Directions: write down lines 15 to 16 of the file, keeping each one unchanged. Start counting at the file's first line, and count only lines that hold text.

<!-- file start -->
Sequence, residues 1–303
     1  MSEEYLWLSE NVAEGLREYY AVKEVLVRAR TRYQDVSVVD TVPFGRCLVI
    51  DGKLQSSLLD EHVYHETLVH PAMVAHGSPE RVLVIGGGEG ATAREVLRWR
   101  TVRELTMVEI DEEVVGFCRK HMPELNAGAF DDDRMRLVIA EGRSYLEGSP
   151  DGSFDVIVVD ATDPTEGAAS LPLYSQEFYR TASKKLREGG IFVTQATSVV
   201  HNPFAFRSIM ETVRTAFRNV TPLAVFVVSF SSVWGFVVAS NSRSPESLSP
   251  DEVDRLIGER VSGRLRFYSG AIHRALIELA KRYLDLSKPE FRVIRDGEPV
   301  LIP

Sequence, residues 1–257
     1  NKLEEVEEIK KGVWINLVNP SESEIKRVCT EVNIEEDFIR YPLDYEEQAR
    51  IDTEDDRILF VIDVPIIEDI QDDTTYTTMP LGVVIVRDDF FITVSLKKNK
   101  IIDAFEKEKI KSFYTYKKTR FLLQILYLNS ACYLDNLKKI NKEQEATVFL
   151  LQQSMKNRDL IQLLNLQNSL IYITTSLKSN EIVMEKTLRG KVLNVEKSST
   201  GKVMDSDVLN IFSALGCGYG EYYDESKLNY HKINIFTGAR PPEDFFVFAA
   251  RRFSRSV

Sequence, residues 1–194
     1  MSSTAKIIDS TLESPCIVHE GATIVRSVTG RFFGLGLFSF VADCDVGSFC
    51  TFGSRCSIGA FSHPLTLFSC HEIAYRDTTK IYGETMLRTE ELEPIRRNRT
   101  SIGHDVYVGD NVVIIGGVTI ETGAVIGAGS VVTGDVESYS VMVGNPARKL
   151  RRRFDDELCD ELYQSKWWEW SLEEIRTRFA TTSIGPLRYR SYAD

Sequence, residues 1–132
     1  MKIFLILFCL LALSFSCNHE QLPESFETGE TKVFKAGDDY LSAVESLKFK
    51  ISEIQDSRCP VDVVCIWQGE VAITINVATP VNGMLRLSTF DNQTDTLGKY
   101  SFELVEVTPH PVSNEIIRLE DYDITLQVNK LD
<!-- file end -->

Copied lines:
   251  RRFSRSV

Sequence, residues 1–194